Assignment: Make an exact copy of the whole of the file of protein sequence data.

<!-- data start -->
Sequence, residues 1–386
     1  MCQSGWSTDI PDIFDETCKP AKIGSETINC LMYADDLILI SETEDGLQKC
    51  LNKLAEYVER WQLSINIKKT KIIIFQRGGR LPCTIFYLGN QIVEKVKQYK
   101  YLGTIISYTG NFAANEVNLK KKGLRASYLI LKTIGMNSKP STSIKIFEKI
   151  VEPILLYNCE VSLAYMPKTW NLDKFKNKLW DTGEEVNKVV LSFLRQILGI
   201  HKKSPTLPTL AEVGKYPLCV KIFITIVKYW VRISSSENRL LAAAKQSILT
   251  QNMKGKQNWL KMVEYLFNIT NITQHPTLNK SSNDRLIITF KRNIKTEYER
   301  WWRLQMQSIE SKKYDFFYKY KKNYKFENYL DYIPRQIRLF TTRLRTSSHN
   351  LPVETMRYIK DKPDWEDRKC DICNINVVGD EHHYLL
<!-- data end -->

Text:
Sequence, residues 1–386
     1  MCQSGWSTDI PDIFDETCKP AKIGSETINC LMYADDLILI SETEDGLQKC
    51  LNKLAEYVER WQLSINIKKT KIIIFQRGGR LPCTIFYLGN QIVEKVKQYK
   101  YLGTIISYTG NFAANEVNLK KKGLRASYLI LKTIGMNSKP STSIKIFEKI
   151  VEPILLYNCE VSLAYMPKTW NLDKFKNKLW DTGEEVNKVV LSFLRQILGI
   201  HKKSPTLPTL AEVGKYPLCV KIFITIVKYW VRISSSENRL LAAAKQSILT
   251  QNMKGKQNWL KMVEYLFNIT NITQHPTLNK SSNDRLIITF KRNIKTEYER
   301  WWRLQMQSIE SKKYDFFYKY KKNYKFENYL DYIPRQIRLF TTRLRTSSHN
   351  LPVETMRYIK DKPDWEDRKC DICNINVVGD EHHYLL